Microscooter injuries in the paediatric population

Nadim Aslam*, Stephen Gwilym, Christos Apostolou, Nicholas Birch, Rajan Natarajan, William Ribbans

*Corresponding author for this work

Research output: Contribution to journalArticlepeer-review

6 Citations (Scopus)


Objectives: To illustrate the types of injuries seen by the accident and emergency department as a result of the use of non-motorized 'microscooters' in children, and to increase awareness of scooter-related triplane fractures of the ankle.

Study design: A retrospective study conducted in an accident and emergency department of a district general hospital on all children who had a scooter-related limb injury over a 6-month period and were referred for orthopaedic review.

Methods: The analysis involved a case note review. Information recorded included the injury sustained, protective equipment worn at the time of the accident and management by the orthopaedic team.

Results: Scooter injuries accounted for 10 fractures in this period. There were three 'triplanar' injuries, which required operative fixation, and three injuries requiring manipulation under anaesthesia. No protective gear was worn by any of the patients. Conclusion: The popularity of microscooters seems to represent a significant risk of bony injury in the paediatric population. Medical personnel who manage acute paediatric trauma should be aware of scooter-related triplanar ankle injuries. European Journal of Emergency Medicine 11:148-150 (C) 2004 Lippincott Williams & Wilkins.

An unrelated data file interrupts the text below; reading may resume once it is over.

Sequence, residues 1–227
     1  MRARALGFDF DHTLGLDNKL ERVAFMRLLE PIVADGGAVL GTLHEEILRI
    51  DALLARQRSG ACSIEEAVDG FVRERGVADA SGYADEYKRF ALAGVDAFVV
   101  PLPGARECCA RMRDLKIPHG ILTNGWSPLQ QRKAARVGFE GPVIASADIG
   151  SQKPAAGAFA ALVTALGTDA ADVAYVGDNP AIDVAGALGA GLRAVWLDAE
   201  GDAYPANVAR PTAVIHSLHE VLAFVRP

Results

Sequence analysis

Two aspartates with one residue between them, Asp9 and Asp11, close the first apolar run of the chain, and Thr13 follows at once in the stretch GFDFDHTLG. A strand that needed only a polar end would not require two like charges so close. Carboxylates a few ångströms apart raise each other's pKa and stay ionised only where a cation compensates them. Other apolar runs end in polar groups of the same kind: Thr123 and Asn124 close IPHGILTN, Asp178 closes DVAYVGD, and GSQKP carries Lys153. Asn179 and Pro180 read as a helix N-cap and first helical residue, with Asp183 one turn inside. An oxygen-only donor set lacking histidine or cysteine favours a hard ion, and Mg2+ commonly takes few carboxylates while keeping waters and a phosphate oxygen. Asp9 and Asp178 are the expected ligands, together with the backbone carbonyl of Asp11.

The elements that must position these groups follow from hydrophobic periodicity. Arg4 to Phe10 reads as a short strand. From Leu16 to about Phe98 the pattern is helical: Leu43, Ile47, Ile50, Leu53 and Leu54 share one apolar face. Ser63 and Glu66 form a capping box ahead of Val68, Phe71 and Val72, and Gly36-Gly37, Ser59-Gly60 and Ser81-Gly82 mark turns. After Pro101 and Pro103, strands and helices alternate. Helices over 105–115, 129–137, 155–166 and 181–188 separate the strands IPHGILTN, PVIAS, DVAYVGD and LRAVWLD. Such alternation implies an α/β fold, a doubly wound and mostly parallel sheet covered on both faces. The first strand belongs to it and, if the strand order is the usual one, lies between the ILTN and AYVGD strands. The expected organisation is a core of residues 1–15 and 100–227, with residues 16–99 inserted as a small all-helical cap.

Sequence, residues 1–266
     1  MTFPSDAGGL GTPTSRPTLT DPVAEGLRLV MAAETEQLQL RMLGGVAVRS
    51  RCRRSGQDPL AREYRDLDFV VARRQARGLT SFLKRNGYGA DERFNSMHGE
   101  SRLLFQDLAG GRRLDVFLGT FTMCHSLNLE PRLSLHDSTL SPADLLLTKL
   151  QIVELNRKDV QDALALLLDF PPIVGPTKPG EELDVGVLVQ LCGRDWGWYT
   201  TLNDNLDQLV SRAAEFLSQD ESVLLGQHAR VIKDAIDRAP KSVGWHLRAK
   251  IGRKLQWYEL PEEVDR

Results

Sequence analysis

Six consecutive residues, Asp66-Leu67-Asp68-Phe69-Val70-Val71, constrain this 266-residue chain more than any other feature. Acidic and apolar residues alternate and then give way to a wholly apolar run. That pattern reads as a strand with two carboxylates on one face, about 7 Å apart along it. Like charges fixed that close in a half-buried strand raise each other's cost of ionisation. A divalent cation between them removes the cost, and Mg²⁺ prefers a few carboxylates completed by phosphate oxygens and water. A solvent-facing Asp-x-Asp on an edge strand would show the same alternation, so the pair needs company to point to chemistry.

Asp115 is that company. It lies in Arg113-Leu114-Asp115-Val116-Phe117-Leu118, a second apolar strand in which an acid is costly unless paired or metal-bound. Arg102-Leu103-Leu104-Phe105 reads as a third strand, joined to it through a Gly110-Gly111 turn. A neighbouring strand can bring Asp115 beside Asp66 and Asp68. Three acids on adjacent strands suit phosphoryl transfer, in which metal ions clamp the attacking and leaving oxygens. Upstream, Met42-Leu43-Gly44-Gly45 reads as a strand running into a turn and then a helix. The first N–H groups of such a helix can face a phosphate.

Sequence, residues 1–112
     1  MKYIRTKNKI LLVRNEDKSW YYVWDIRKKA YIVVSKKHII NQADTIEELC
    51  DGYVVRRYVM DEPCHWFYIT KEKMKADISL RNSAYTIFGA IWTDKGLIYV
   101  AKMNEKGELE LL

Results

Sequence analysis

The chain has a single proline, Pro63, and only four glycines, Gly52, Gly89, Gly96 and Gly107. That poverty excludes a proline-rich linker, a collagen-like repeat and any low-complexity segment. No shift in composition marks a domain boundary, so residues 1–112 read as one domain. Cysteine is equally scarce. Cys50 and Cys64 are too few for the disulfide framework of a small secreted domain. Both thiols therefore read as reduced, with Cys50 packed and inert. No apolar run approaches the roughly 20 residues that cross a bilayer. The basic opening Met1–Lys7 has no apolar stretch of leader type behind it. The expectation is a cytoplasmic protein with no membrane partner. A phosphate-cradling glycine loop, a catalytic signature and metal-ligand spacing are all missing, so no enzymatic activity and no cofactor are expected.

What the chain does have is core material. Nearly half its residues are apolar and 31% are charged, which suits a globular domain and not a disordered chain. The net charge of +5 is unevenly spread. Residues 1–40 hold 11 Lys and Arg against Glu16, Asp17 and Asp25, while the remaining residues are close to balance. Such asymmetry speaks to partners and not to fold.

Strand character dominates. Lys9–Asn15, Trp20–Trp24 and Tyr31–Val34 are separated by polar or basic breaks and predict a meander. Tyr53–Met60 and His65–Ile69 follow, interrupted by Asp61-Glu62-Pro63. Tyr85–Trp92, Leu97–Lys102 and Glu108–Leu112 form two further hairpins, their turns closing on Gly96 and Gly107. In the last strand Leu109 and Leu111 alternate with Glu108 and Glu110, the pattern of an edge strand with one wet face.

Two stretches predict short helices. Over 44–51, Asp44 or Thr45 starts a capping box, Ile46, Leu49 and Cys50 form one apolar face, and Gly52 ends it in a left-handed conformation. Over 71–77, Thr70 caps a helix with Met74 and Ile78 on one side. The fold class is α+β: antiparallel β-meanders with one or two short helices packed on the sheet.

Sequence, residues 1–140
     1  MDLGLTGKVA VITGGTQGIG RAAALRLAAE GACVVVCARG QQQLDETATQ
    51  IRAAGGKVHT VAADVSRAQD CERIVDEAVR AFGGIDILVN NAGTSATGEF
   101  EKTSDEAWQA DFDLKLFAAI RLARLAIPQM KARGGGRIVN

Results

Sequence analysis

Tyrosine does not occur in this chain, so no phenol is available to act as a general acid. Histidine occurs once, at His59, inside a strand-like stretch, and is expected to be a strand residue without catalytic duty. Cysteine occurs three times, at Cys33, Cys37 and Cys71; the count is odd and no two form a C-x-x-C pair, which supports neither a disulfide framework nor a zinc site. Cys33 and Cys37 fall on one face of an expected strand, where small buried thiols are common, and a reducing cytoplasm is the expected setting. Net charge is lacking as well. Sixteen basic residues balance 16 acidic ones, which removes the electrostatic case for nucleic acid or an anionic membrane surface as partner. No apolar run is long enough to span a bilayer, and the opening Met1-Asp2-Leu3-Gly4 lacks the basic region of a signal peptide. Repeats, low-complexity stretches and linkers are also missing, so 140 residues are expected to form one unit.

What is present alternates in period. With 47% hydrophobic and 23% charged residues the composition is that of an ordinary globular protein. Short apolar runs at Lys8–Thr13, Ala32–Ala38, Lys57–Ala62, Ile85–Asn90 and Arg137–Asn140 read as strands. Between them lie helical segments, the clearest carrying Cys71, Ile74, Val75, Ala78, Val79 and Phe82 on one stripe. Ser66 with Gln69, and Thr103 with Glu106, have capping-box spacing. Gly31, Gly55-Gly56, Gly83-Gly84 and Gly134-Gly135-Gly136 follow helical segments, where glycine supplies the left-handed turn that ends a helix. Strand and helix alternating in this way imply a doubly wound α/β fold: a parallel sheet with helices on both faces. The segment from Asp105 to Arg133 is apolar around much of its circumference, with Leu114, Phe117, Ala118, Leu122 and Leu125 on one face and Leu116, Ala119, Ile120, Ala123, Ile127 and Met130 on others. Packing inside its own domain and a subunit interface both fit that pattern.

Original languageEnglish
Pages (from-to)148-150
Number of pages3
JournalEuropean Journal of Emergency Medicine
Issue number3
Publication statusPublished - Jun 2004
Externally publishedYes


  • Ankle injuries
  • scooter
  • triplane fracture


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